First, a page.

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The storms raging across Europe—and beyond—over the pricing of new hepatitis C treatments have been intensified by the European Union's approval this week of the latest directly-acting antiviral, Bristol-Myers Squibb's Daklinza (daclatasvir). Just two months after the European Medicines Agency gave a positive opinion on the drug, the formal authorization was delivered for use in combination for the treatment of chronic infection in adults.
The company will now start negotiations with each of the national pricing and reimbursement authorities in the EU countries where it wants to launch the product—and those negotiations will be conducted amid the turbulence created by arguments over the price for Gilead's Sovaldi (sofosbuvir), which won EU approval in January this year to become the first of the directly-acting antivirals into the market. Italy's medicines agency has been taking the lead in demanding that Gilead reins in its pricing ambitions for Sovaldi, even attempting to create a "coalition of the willing" among other European authorities. The medicines agency's head, Luca Pani, has described Gilead's pricing strategy as "morally unacceptable."
French parliamentarians have been demanding explanations of the price charged, and German insurance agencies are reviewing their decision to reimburse the product. Janssen's directly-acting antiviral Olysio (simepravir) is also available only in limited indications and only in a few EU countries, with reimbursement authorities remaining hesitant over its cost.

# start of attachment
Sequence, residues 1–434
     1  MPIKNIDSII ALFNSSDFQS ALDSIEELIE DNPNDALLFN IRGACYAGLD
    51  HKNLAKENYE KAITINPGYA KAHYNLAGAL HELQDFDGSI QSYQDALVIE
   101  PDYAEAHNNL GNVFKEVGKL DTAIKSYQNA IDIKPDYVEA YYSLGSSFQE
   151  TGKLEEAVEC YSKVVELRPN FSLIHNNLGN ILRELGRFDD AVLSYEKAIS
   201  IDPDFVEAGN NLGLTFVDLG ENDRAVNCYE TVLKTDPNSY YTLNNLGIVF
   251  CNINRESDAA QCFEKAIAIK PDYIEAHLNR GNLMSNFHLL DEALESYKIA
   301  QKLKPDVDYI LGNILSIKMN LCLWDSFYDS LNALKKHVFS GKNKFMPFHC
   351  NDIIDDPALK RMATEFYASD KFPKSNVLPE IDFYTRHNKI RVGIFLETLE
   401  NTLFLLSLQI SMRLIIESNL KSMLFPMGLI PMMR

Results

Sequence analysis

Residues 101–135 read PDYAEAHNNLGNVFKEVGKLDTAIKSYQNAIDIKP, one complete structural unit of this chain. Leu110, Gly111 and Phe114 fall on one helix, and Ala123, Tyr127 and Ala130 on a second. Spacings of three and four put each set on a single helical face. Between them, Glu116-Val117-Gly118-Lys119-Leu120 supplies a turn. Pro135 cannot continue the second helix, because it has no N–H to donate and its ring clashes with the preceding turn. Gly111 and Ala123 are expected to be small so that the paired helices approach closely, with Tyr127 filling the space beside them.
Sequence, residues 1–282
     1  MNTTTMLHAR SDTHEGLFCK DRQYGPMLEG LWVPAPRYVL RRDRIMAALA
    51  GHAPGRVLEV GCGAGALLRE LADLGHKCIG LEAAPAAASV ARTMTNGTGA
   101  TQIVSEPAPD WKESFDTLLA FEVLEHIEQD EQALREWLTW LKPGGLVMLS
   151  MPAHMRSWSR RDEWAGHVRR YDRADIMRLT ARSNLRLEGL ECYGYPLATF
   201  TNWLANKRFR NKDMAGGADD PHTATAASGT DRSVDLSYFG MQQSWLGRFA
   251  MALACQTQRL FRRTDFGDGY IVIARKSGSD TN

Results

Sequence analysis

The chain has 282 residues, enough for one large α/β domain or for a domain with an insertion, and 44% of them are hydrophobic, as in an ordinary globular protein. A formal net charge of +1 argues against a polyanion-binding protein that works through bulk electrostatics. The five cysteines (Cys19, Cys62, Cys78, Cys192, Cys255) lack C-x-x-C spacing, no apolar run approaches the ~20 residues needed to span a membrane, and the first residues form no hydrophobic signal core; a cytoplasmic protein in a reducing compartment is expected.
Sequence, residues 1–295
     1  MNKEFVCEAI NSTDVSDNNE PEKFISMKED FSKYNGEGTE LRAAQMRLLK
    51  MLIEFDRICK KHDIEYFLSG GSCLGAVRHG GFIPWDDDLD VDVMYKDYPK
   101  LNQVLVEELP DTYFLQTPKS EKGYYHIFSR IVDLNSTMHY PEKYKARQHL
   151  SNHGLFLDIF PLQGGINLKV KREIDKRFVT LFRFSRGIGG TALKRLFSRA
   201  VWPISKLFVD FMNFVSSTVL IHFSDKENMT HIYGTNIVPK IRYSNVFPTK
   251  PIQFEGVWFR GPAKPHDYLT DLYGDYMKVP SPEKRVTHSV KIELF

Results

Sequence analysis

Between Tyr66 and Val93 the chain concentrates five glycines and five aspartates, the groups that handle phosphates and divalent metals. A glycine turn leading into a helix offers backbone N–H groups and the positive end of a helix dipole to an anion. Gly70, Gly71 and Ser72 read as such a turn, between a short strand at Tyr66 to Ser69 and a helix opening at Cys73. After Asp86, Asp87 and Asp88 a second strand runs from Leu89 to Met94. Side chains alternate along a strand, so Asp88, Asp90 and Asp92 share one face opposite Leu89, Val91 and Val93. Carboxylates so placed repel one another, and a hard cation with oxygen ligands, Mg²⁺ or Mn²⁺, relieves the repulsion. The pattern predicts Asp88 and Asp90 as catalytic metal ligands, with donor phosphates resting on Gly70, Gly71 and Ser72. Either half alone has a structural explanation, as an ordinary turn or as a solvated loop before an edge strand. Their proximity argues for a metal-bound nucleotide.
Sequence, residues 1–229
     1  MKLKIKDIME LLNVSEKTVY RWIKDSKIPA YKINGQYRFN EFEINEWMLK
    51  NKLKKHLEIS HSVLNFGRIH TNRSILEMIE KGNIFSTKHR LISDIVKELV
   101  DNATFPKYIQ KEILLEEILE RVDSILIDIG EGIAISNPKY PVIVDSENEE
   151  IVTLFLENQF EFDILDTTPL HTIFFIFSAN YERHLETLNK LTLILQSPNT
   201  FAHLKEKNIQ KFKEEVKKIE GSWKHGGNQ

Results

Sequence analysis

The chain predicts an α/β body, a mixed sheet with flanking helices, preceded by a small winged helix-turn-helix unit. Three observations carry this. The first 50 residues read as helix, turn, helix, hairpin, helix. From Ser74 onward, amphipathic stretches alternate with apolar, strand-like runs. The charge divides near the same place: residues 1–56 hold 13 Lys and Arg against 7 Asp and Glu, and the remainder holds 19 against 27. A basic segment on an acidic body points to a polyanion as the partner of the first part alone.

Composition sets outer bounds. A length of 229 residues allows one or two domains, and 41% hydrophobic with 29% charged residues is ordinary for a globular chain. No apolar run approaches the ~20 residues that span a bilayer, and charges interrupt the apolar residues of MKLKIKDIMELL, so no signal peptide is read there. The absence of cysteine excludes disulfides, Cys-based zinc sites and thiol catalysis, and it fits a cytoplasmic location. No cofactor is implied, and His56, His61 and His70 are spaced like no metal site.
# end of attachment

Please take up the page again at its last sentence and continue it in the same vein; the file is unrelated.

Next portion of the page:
But Sovaldi has won crucial support from the UK's health technology assessment body, NICE, during August, which concluded that in terms of a quality-of-life calculation, the medicine was more cost-effective, at some $60,000 for a short course, than current treatments. It added that in Europe, hepatitis C is the leading cause of liver transplant.
The NICE assessment has not satisfied health campaigners in Europe, who are echoing the high-profile criticisms from the US, where Sovaldi's $84,000 cost is accused of putting the product beyond the reach of those who need it most. The European AIDS Treatment Group—whose members feel particularly vulnerable because of the close links between HIV and HCV in liver cancer—is threatening to demand compulsory licensing of the drug if Gilead does not adjust its European pricing policies to seek deals that would allow high-volume lower-price marketing.
In a late-August statement—allied with other major European activist groups—it called on the CEOs of Abbvie, BMS, Gilead, Janssen, and Merck/MSD to "ensure universal access to state of the art treatment to everyone living with hepatitis C." This should be done in a way that is sustainable and affordable to different health systems in Europe according to their individual capacity "and in consideration of the overall financial constraints that they face," the statement concedes. But it insists that dual and triple combinations of directly-acting antivirals should be made available at no cost "to the small percentage of people living with hepatitis C that are in life-threatening condition." It concluded: "If all bona fide negotiations fail, we believe that, as a last option, countries have the right to use compulsory licenses."